By: Alexis Kirkman
“Kyoto, for Canada, is in the past,” stated Peter Kent, Canada’s Minister of Environment.
On Monday December 12, Kent announced that Canada would withdraw from the Kyoto Protocol shortly after returning from South Africa. The decision by Canada’s Conservative Party government has long been expected, as the Conservative government has never disguised its disdain for the treaty. Kent cited numerous reasons for the country’s withdrawal, namely the possibility of huge fines for Canada’s failure to meet emissions targets. Kent said that Canada’s failure to meet the targets under Kyoto would cost Canada $14 billion in penalties, or $1,600 from every Canadian family.
Furthermore, extreme measures would be required by Canada’s population under the Kyoto agreement. Kent said, “To meet the targets for 2012 would be the equivalent of either removing every car, truck
, AV, tractor, ambulance, police car and vehicle of every kind from Canadian roads or closing down the entire farming and agricultural sector and cutting off heat to every home, office, hospital, factory, and building in Canada.”
Kent stated that despite this cost, greenhouse gas emissions would continue to rise, as the world’s largest polluters, the United States, China, and India, were not covered by the Kyoto agreement. The Kyoto protocol, a 1997 treaty to reduce greenhouse has emissions, has been widely criticized for its failure to require developing countries like Brazil, China, and India to regulate greenhouse gas emissions. Canada declared four years ago that it did not intend to meet its existing Kyoto commitments of reducing greenhouse gas emissions by 6%, and instead its annual emissions have risen by about a third since 1990.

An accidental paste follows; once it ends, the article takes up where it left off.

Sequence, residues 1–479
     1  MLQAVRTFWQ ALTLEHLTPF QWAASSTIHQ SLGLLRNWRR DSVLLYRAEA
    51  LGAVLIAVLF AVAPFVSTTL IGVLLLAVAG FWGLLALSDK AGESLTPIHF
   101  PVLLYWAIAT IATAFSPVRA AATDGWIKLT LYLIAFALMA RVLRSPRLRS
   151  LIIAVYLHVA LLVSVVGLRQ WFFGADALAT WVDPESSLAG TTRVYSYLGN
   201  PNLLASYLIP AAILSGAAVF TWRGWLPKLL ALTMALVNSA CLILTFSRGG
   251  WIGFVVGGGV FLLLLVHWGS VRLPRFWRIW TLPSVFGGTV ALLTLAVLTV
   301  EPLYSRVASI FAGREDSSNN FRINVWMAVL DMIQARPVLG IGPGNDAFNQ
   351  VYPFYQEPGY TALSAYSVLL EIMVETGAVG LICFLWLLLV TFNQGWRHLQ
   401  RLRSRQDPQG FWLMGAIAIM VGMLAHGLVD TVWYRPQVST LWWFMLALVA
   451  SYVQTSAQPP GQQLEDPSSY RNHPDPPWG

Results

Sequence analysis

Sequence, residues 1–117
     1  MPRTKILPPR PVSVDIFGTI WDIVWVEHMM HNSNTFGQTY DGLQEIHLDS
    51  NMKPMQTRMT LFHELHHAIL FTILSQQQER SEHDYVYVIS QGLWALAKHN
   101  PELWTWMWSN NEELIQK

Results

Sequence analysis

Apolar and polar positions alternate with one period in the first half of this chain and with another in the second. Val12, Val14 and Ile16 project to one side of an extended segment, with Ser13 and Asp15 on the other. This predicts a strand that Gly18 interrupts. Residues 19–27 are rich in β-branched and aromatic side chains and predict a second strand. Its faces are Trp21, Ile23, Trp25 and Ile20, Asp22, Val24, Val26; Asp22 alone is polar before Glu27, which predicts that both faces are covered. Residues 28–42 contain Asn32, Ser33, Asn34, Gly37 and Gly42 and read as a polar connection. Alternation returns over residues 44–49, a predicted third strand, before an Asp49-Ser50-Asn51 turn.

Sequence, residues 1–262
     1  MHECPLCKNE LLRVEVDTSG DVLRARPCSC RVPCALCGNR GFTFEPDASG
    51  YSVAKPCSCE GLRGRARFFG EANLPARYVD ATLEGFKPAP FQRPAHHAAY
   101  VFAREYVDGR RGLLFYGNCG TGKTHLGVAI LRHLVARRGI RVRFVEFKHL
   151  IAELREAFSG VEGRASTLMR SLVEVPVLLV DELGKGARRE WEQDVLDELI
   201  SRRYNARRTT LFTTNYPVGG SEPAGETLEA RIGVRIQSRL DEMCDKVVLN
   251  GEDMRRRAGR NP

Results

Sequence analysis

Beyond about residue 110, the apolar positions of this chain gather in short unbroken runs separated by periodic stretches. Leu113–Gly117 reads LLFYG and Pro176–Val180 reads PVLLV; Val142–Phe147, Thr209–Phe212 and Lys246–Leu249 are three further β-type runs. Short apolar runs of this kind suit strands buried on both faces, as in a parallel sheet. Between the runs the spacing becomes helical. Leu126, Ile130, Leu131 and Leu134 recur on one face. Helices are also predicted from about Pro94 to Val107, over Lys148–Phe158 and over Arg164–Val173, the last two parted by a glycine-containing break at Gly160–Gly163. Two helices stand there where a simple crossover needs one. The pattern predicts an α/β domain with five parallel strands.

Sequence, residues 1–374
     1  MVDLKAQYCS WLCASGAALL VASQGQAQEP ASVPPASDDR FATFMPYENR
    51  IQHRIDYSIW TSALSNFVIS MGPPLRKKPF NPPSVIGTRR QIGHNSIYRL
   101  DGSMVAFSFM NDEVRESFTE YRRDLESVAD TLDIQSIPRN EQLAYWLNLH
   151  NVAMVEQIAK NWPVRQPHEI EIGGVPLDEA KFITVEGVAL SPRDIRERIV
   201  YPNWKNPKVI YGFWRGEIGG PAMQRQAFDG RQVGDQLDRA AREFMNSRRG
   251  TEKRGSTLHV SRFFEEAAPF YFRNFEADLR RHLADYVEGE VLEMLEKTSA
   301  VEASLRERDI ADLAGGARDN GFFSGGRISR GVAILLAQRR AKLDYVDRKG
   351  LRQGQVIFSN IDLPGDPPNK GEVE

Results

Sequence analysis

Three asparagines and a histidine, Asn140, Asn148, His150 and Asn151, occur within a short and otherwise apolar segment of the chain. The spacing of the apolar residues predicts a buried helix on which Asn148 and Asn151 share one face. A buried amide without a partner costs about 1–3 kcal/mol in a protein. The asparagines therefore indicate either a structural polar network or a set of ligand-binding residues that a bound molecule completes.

The Conservative government has called Canada’s ratification of Kyoto a legacy of an incompetent Liberal government, and has further noted that the former Liberal Party had agreed to the treaty “without any regard as to how it would be fulfilled” or intention of meeting its targets.
Kent criticized the Kyoto Protocol saying that Canada produces “barely 2 percent” of global emissions and the Kyoto Protocol itself presently covers only 13% of global emissions. Kent stated that Canada would work toward developing an agreement that includes targets for developing nations, adding, “What we have to look at is all major emitters.” Kent insisted that Canada is committed to addressing climate change in a fair way that covers all nations.
Conversely, the Conservative government does not want to hurt Canada’s large oil sands industry, which is the fasting growing source of greenhouse cases in the country and the third-largest oil reserves in the world. Canada’s withdrawal from Kyoto has been associated with former President George W. Bush’s refusal to ratify the Kyoto Protocol in 2001.
The Canadian economy and U.S. economy are integrated, with Canada being the largest supplier of oil and case to the United States, sending 75% of its exports to the U.S. each month. Bush’s move in 2001 gave U.S. competitors an unfair advantage and continuing to adhere to its targets would severely hinder the Canadian gross domestic product.